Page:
Food Justice

“Food justice seeks to ensure that the benefits and risks of where, what and how food is grown, produced, transported, distributed, accessed and eaten are shared fairly. Food justice represents a transformation of the current food system, including but not limited to eliminating disparities and inequities.”

– Robert Gottlieb & Joshi Anupama, Food Justice

Food systems are not immune to the power dynamics that can create marginalization. These power dynamics become apparent as we ask ourselves:

  • Who produces the food?
  • Who has access to land, and the means of production?
  • Who has access to healthy, nutritious, culturally appropriate food and who doesn’t?
  • Who suffers the environmental impacts of food production?
  • Who makes food decisions?
  • How has colonialism affected our food system and traditional livelihoods?
  • What type of food is produced?
  • What knowledge is valued and which isn’t?

Examining these questions is key to dismantling the injustices in our food systems.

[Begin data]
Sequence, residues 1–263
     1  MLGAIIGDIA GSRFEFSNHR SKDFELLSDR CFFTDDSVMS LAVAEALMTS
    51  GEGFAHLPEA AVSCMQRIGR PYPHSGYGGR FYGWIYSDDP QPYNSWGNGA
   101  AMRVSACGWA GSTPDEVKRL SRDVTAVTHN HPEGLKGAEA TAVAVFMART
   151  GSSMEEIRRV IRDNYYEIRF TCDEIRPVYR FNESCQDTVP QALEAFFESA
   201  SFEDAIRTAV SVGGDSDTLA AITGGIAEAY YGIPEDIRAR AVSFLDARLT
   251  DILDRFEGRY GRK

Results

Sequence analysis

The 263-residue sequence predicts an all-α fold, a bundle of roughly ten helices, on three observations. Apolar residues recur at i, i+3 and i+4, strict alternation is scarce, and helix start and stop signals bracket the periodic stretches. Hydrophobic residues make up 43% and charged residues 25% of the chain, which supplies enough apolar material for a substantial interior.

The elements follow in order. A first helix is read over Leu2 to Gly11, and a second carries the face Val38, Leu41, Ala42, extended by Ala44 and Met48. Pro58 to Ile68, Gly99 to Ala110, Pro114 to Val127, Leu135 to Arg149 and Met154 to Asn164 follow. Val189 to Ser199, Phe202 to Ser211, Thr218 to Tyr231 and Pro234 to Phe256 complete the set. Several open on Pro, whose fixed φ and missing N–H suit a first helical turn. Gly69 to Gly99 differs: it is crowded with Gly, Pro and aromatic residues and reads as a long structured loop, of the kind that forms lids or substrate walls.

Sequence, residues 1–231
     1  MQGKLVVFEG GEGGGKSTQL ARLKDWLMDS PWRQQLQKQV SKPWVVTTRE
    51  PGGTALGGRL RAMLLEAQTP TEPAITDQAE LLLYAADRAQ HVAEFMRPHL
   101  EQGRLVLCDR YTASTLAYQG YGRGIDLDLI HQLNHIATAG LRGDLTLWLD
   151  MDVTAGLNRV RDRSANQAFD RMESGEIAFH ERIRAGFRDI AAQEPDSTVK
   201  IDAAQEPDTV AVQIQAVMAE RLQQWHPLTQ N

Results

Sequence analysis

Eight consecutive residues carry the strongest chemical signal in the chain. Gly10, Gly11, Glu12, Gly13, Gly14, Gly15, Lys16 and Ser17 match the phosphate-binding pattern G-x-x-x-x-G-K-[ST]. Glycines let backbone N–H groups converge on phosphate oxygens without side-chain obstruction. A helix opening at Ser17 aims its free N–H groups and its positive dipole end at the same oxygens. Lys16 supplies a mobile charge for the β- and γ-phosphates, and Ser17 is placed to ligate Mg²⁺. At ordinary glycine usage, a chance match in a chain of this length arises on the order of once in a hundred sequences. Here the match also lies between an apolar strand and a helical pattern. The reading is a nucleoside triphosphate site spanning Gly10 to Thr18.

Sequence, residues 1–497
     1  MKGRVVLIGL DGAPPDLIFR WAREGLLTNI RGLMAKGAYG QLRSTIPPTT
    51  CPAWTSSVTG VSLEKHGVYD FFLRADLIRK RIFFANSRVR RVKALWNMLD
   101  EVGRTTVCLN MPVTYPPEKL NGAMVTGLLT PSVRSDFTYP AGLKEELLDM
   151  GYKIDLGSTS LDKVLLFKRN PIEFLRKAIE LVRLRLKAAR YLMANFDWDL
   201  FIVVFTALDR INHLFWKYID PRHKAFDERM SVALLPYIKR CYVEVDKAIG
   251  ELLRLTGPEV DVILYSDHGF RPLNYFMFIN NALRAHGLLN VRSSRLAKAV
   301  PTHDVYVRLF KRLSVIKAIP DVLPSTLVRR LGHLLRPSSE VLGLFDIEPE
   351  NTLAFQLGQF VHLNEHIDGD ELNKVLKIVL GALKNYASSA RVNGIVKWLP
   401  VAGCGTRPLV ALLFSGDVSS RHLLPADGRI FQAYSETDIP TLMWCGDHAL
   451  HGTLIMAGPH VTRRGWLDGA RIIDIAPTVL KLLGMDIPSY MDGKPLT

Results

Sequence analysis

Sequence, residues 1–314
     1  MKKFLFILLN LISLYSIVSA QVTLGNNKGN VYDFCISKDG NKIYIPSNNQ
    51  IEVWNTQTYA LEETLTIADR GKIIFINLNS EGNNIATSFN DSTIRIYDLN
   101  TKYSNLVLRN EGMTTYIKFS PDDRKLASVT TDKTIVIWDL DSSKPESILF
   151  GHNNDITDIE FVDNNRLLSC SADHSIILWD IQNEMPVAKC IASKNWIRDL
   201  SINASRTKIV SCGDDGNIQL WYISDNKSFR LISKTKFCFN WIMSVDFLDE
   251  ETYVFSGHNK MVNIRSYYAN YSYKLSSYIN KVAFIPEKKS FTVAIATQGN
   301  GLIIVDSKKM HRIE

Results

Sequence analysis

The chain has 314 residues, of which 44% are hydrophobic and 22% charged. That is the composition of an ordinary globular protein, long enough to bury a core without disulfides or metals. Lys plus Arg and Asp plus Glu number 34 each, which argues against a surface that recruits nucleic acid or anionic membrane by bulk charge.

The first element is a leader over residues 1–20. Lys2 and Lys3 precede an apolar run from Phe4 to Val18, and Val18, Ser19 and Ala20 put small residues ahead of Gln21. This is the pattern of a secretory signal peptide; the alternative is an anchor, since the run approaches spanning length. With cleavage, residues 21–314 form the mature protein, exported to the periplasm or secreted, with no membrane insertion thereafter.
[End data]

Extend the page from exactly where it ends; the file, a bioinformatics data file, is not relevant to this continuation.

Food justice and racial justice

Reaching the goals of healthy, just, and sustainable food systems is not possible without addressing systemic racism and colonialism. In our homes and offices, our communities and gardens, our public and private spaces, race, class, and other factors interact in complex ways to entrench discrimination and oppression, particularly against Black communities, Indigenous peoples, and those of colour. We cannot ignore these realities while working to change our food systems, for there is no food justice without racial justice.


Get in touch

On this page, we gather resources on food justice and the sister topic of food sovereignty. If you have suggestions, please send them to